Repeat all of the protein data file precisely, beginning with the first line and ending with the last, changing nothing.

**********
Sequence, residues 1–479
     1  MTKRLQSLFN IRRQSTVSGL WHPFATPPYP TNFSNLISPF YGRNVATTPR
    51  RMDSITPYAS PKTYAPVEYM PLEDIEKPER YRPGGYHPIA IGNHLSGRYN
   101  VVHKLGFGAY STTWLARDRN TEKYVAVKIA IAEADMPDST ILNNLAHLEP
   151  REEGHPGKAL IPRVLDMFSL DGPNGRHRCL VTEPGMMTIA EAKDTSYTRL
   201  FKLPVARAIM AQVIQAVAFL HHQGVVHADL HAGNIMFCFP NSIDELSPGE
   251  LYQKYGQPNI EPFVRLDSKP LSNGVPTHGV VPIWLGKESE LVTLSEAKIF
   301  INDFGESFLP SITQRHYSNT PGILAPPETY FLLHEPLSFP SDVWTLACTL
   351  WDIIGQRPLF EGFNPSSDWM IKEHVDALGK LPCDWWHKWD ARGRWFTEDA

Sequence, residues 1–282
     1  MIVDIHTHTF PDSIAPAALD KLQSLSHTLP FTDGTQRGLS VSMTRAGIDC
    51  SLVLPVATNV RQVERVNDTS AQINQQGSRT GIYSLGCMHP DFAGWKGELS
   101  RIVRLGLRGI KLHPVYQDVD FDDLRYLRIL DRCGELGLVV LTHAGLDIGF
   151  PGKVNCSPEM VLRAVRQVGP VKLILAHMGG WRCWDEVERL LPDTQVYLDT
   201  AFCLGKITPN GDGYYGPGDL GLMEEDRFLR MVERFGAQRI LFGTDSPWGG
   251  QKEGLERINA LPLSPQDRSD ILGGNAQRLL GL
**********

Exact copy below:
Sequence, residues 1–479
     1  MTKRLQSLFN IRRQSTVSGL WHPFATPPYP TNFSNLISPF YGRNVATTPR
    51  RMDSITPYAS PKTYAPVEYM PLEDIEKPER YRPGGYHPIA IGNHLSGRYN
   101  VVHKLGFGAY STTWLARDRN TEKYVAVKIA IAEADMPDST ILNNLAHLEP
   151  REEGHPGKAL IPRVLDMFSL DGPNGRHRCL VTEPGMMTIA EAKDTSYTRL
   201  FKLPVARAIM AQVIQAVAFL HHQGVVHADL HAGNIMFCFP NSIDELSPGE
   251  LYQKYGQPNI EPFVRLDSKP LSNGVPTHGV VPIWLGKESE LVTLSEAKIF
   301  INDFGESFLP SITQRHYSNT PGILAPPETY FLLHEPLSFP SDVWTLACTL
   351  WDIIGQRPLF EGFNPSSDWM IKEHVDALGK LPCDWWHKWD ARGRWFTEDA

Sequence, residues 1–282
     1  MIVDIHTHTF PDSIAPAALD KLQSLSHTLP FTDGTQRGLS VSMTRAGIDC
    51  SLVLPVATNV RQVERVNDTS AQINQQGSRT GIYSLGCMHP DFAGWKGELS
   101  RIVRLGLRGI KLHPVYQDVD FDDLRYLRIL DRCGELGLVV LTHAGLDIGF
   151  PGKVNCSPEM VLRAVRQVGP VKLILAHMGG WRCWDEVERL LPDTQVYLDT
   201  AFCLGKITPN GDGYYGPGDL GLMEEDRFLR MVERFGAQRI LFGTDSPWGG
   251  QKEGLERINA LPLSPQDRSD ILGGNAQRLL GL